Economist are often lumped in with weathermen as being notoriously bad at predictions, and it’s understood that forecasts are often incorrect. Even given that, to say the May Jobs Report surprised investors and the market is probably an understatement, and the word shocked seems more accurate!
Market expectations were for the economy to lose 7-9 million jobs and for the unemployment rate to increase to 19-20%. Instead the U.S. Bureau of Labor Statistics reported last Friday morning that the economy added 2.5 million jobs and the unemployment rate fell to 13.3%. We don’t ever recall seeing consensus estimates being so far off. Some reports in the financial media have even described it as the biggest forecasting error ever.
To put the level of surprise in stock market terms, the Dow Jones Industrial Average jumped over 800 points or 3.2% on Friday, while the NASDAQ Composite gained 2.1%, and the Standard & Poor’s 500 Index added 2.6%. For the week the gains were even more impressive, with the Dow up an eye-catching 6.8%, the NASDAQ up 3.4% and the S&P up 4.9%.
All of this leads to the question, how were the estimates so wrong?
For starters, economist’s models likely underestimated the impact of the PPP (Paycheck Protection Program) for bringing back jobs. The program gave loans to small businesses that do not have to be paid back if most of the money went to keep or rehire employees. Many economists were expecting a large impact from the PPP in June, while underestimating the effect it would have in May. According to the BLS, over half of the monthly job gains came from “employment in food services and drinking places” (meaning restaurants and bars), and these businesses were large beneficiaries of the PPP.
Also, we are in unprecedented times and the numbers and data collection may have went a bit haywire during the pandemic. Economists are not used to predicting job totals and losses/gains after a black swan event like the coronavirus pandemic and economic shutdown. For example, the BLS discussed a “misclassification error” at the end of their report. To sum it up, a number of individuals who should have been classified as unemployed, were instead classified as employed but “absent” due to “other reasons”. If these workers were (properly) classified as unemployed the overall employment rate would have been about 3% higher.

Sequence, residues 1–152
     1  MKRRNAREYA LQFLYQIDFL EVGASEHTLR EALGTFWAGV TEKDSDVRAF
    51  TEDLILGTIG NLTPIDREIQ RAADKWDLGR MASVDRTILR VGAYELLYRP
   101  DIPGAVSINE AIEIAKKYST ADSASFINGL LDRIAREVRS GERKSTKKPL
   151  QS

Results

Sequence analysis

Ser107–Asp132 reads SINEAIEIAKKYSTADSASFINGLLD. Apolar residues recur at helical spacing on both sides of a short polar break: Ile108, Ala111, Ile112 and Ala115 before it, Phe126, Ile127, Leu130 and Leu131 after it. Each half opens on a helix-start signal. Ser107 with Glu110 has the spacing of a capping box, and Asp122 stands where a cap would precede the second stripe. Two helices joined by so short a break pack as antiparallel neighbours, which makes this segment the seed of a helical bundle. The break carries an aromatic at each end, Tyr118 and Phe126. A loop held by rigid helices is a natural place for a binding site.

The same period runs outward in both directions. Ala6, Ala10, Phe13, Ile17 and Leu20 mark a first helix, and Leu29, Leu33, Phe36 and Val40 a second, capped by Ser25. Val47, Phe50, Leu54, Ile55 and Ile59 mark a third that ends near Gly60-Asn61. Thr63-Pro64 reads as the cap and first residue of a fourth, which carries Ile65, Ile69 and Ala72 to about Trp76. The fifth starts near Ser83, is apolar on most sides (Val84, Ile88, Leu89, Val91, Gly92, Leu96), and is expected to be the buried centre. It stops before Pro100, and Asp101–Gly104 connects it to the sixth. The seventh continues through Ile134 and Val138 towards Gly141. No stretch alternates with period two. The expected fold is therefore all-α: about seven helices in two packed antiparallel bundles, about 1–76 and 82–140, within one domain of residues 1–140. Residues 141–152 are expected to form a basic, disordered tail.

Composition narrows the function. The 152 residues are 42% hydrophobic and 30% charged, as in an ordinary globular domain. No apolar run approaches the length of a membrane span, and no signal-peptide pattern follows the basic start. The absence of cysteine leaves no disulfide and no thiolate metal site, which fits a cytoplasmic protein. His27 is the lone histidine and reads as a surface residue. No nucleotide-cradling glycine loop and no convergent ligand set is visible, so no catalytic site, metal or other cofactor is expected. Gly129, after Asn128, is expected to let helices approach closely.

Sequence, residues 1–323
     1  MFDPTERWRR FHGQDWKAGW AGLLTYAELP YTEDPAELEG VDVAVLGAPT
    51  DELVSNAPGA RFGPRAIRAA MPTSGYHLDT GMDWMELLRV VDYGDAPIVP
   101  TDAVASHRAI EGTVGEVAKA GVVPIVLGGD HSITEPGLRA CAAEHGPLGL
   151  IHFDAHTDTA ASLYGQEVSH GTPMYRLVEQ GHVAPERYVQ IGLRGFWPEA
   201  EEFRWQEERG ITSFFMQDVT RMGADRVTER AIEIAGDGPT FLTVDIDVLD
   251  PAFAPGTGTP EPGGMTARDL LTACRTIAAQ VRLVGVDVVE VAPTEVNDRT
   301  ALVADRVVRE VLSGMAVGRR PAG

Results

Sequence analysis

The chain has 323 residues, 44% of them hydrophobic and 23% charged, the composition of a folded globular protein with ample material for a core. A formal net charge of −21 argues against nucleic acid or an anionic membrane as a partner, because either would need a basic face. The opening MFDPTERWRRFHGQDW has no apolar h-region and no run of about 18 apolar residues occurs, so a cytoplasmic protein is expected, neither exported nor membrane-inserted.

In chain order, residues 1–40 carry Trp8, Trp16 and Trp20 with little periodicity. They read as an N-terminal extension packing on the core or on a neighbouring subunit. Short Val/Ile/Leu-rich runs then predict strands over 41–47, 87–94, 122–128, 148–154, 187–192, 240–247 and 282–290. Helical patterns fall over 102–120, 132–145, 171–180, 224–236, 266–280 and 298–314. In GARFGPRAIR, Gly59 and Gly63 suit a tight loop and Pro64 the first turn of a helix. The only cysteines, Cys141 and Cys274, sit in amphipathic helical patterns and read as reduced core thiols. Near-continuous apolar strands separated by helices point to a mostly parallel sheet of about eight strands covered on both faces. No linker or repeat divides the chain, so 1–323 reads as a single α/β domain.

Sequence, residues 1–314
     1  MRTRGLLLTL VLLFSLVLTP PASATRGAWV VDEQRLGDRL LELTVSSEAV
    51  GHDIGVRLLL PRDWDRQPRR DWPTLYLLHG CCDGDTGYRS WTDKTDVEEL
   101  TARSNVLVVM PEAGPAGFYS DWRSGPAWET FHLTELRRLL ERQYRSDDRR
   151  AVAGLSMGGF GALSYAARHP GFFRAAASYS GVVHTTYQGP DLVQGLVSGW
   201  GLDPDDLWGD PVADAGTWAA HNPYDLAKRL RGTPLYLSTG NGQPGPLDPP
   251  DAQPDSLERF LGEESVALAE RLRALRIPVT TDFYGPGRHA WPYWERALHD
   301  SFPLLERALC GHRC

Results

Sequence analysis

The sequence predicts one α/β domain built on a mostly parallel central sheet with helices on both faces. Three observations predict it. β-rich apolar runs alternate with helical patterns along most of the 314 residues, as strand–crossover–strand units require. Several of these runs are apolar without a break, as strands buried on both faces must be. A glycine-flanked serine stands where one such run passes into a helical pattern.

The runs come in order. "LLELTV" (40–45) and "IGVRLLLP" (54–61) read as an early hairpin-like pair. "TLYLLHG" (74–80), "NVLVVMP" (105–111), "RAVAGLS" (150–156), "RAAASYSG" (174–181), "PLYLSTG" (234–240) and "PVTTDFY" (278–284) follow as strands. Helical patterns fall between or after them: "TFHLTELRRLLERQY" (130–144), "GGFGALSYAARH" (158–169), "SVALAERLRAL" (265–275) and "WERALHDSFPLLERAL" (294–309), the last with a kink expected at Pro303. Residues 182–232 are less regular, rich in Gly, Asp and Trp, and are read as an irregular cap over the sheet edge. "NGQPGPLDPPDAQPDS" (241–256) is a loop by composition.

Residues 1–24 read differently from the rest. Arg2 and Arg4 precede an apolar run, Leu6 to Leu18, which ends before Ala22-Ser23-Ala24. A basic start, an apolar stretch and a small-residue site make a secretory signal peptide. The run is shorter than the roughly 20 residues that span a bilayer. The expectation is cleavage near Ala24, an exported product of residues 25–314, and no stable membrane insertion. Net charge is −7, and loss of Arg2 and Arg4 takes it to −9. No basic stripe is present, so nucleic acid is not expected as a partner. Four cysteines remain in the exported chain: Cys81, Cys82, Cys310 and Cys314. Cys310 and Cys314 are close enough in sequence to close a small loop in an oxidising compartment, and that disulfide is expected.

An additional difficulty due to the pandemic is that there was a lower response rate to the government’s household survey and establishment survey. With less responses from individuals and companies, there is more room for error/deviation in the statistical calculations. Big picture, it is also important to keep in mind this was only one data point and a single monthly number does not make a trend. There are still a devastating number of Americans unemployed (over 20 million) and it remains unclear if and when they will get their jobs back. It is still far too early to declare “mission accomplished” on the jobs front, although the month of May was certainly a good start.
Bottom line – despite some of the nuances, there is no doubt this was a very strong jobs report and the market received a very pleasant surprise shock last Friday morning!
Looking to the week ahead, Friday’s rally is carrying through to today (so far), with the Dow up another approximately 250 points. The Federal Open Market Committee (FOMC) will announce its policy decision on Wednesday afternoon and the market will of course be “reading the tea leaves”. Also of note, the Univ. of Michigan Consumer Sentiment number is due out on Friday, where expectations are for an improvement to 76 – so we’ll see what happens with that data!
All the best – Southport Station Financial Management, LLC